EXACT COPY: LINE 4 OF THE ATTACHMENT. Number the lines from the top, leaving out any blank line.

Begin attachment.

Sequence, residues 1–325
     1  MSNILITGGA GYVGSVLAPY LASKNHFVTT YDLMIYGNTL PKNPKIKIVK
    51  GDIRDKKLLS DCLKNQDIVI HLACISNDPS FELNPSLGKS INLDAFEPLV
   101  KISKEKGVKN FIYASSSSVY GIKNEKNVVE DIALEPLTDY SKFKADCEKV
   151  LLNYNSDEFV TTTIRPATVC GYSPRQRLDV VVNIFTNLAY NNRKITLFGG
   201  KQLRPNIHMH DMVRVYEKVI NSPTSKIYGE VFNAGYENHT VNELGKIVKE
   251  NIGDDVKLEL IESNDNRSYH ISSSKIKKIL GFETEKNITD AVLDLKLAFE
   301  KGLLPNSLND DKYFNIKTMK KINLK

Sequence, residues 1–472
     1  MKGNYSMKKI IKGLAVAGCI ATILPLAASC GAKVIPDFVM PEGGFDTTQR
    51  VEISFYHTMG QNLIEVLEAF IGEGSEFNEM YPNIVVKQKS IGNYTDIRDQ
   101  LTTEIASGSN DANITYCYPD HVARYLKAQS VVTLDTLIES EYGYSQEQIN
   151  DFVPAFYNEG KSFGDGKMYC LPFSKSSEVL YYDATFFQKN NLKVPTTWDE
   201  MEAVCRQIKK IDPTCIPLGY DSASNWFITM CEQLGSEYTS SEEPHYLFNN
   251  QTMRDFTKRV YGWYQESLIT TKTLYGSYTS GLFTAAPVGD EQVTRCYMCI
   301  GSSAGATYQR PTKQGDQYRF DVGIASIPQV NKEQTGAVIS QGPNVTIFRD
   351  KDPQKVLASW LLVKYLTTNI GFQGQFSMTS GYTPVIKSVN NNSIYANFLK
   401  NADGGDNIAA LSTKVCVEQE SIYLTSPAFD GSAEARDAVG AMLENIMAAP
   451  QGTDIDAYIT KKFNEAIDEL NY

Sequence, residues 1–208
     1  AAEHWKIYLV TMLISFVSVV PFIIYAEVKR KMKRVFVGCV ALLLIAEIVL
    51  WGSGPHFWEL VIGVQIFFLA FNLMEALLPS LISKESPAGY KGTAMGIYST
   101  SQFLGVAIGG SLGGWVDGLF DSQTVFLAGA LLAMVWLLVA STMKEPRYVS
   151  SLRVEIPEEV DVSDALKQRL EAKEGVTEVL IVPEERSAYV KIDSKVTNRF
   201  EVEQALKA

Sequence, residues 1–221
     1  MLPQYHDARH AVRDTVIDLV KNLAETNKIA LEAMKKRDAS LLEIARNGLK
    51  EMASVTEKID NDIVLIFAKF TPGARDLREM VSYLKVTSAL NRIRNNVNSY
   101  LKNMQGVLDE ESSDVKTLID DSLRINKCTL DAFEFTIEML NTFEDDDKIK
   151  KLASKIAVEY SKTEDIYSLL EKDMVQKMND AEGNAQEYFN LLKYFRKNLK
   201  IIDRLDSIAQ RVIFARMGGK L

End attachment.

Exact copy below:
   101  KISKEKGVKN FIYASSSSVY GIKNEKNVVE DIALEPLTDY SKFKADCEKV